Diane Elson is Emeritus Professor in sociology at the University of Essex, UK, and is a member of the Essex Human Rights Centre. She has served as adviser to UNIFEM, UNDP, Oxfam and other development agencies and is a past vice-president of the International Association for Feminist Economics. She is the chair of the UK women’s organization, the Women’s Budget Group, which analyses government economic policy and advocates for budgets that support gender equality and low income women. She publishes widely on gender and development. Her recent publications include: ‘Economic Policy and Human Rights: Holding Governments to Account’, co-edited with Radhika Balakrishnan, Zed Books, 2011; ‘Financial regulation, capabilities and human rights in the US financial crisis: the case of housing’, co-authored with Radhika Balakrishnan and James Heintz (Journal of Human Development and Capabilities, 12 (I): 153-68, 2011);Budgeting for Women’s Rights; Monitoring Government Budgets for Compliance with CEDAW, UNIFEM, New York, 2006; ‘”Women’s rights are human rights”: campaigns and concepts’, in L. Morris (ed). Rights: Sociological Perspectives, Routledge, 2006; ‘Auditing economic policy in the light of obligations on economic and social rights’ (Essex Human Rights Review, 5(I), 2008); and ‘Gender equality and economic growth in the World Bank’ (World Development Report, 2006, Feminist Economics, 15 (3), 2009). Her academic degrees include a BA in philosophy, politics and economics from the University of Oxford and a PhD in economics from the University of Manchester.


James Heintz is Research Professor and Associate Director of the Political Economy Research Institute at the University of Massachusetts, Amherst. He has written on a wide range of economic policy issues, including employment policies, gender and labor markets, global labor standards, the distributive consequences of macroeconomic policies, economic development of sub-Saharan Africa, and the intersection between macroeconomic policy and human rights. He has worked on collaborative projects with numerous United Nations agencies, including the International Labour Organization, the U.N. Research Institute for Social Development, the Economic Commission for Africa, the United Nations Development Programme, and UNIFEM/UN-WOMEN. His policy work has focused on the U.S. economy and the economies of developing countries, primarily in sub-Saharan Africa, including Ghana, Kenya, Liberia, the Gambia, Madagascar, and South Africa. He is co-author of several books including, with Nancy Folbre, The Ultimate Field Guide to the U.S. Economy. From 1996 to 1998, he worked as an economist at the National Labour and Economic Development Institute in Johannesburg, a policy think tank affiliated with the South African labor movement.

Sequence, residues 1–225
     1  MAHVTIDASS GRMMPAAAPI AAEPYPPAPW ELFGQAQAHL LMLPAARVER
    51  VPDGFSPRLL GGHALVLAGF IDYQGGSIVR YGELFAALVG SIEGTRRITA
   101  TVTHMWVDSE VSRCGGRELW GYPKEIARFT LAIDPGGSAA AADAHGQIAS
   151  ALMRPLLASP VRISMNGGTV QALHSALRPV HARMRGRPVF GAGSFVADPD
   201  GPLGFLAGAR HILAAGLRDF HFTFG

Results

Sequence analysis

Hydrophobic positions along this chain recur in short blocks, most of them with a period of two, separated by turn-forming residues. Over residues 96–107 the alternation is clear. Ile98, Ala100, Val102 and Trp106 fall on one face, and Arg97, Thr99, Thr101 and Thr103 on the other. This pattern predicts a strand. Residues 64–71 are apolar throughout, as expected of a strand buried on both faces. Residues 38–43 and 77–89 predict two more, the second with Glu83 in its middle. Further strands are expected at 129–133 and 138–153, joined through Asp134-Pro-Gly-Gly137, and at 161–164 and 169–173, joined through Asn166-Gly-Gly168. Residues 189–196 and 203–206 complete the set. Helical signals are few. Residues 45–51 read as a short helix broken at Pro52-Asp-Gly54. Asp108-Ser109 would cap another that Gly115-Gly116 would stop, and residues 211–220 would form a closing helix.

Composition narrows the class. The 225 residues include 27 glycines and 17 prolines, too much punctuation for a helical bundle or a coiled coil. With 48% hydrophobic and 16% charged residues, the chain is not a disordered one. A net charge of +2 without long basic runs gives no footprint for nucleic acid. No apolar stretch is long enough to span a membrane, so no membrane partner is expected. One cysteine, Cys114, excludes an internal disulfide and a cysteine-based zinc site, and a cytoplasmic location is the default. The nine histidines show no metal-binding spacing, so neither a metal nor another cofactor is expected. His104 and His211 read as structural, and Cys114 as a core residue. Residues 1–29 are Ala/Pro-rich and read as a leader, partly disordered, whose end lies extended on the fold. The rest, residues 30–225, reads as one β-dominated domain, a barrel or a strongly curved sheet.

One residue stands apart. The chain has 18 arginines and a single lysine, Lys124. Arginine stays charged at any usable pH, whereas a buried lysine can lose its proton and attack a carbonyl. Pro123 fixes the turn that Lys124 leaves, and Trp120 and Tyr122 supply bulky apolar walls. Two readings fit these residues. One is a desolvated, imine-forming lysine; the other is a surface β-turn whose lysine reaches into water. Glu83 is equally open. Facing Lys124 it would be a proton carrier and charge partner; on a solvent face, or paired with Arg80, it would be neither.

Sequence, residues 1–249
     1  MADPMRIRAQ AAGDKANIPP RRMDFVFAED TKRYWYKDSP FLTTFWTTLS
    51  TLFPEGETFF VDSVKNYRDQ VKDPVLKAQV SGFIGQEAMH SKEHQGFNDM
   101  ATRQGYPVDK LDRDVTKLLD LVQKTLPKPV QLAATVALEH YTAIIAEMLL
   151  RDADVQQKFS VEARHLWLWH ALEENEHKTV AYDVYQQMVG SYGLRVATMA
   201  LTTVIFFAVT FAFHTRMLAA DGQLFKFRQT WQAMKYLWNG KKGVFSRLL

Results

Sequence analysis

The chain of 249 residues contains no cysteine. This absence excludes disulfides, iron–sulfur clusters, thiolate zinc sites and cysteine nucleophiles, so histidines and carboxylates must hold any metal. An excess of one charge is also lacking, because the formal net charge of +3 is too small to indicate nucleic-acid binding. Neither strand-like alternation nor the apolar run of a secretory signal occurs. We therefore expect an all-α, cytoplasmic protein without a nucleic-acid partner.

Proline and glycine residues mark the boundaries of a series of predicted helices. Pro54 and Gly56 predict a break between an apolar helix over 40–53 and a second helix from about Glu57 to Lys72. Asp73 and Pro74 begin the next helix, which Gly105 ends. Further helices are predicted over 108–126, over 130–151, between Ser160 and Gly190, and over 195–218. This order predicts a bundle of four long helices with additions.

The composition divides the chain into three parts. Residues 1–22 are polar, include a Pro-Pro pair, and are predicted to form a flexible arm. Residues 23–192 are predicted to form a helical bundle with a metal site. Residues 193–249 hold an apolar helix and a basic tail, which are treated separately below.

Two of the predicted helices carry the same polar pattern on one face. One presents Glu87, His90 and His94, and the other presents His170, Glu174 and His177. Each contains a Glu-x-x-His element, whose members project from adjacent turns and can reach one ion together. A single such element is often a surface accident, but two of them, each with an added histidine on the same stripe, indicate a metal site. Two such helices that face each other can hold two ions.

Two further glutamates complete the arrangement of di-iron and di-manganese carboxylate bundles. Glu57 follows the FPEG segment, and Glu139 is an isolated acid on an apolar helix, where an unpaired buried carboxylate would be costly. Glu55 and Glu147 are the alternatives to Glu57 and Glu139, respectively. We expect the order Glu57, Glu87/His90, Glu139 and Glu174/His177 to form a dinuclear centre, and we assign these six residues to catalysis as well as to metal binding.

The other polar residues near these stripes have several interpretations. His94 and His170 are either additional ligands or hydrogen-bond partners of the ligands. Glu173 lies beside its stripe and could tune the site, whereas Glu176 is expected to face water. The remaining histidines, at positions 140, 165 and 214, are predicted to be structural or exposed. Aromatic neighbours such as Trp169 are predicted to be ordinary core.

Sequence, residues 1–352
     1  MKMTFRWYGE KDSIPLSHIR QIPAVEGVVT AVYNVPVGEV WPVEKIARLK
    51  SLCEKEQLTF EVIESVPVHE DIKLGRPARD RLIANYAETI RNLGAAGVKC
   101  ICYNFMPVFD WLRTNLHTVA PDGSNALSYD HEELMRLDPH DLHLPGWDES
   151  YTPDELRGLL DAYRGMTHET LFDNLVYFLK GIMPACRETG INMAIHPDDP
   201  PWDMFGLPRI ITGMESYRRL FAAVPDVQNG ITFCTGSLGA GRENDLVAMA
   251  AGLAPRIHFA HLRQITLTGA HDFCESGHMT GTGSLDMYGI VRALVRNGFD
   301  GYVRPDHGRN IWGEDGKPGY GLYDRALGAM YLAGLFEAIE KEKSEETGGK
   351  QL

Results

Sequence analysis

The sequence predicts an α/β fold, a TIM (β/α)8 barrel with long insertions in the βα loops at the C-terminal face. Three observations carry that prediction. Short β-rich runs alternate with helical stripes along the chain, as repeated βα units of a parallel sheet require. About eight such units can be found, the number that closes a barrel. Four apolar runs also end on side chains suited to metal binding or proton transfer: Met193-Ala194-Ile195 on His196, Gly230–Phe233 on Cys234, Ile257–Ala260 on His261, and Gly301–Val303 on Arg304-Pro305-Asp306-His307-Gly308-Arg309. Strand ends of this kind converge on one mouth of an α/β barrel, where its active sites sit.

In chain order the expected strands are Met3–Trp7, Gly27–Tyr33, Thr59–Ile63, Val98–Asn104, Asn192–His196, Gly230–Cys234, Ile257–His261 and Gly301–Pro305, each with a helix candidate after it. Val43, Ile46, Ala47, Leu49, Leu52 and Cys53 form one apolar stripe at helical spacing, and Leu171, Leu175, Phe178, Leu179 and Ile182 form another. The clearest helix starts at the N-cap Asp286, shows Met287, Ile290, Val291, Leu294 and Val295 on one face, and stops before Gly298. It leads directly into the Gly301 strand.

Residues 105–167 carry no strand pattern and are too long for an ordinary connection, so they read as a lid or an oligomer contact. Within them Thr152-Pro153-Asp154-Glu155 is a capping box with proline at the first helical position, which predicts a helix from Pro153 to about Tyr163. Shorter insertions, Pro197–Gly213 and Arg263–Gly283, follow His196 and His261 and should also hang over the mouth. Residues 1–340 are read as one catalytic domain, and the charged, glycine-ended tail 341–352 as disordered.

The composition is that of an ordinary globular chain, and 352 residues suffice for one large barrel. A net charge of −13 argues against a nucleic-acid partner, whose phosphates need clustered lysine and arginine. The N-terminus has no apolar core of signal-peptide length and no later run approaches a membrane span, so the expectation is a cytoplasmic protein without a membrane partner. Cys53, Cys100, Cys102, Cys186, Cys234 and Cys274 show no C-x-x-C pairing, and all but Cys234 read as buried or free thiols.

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Cosette Thompson is a human rights and nonprofit organizational consultant. Some of her recent assignments have included an evaluation of CWGL’s 16 Days of Activism Against Gender-Based Violence Campaign and an assessment of the Post-2015 Women’s Coalition. During her 10 years as Western Regional Director of Amnesty International USA, followed by another decade consulting with the organization’s International Secretariat, Cosette’s activism and leadership focused on promoting human rights education and campaigning to eradicate torture and discrimination and violence against women. She co-founded and coordinated AIUSA’s Human Rights Education and LGBT Networks, as well as the Ginetta Sagan Fund for Women’s Rights, which supports the work of women human rights defenders through annual awards. Cosette also contributed to the advocacy efforts that led to the adoption in San Francisco of the first U.S. city ordinance mandating the local implementation of CEDAW. She subsequently served for five years on the City of San Francisco CEDAW Task Force. She has also served on the Board of several Torture Survivors Treatment Centers, and is currently on the advisory boards of the Environmental Defenders Law Center and HRE USA. She is a contributor for “Towards a Just Society,” published in 2016 by the University of Minnesota Human Rights Resource Center. Cosette Thompson earned her Doctorate in Comparative Literature from La Sorbonne University (Paris) and lectured at the University of Orleans before moving to the United States.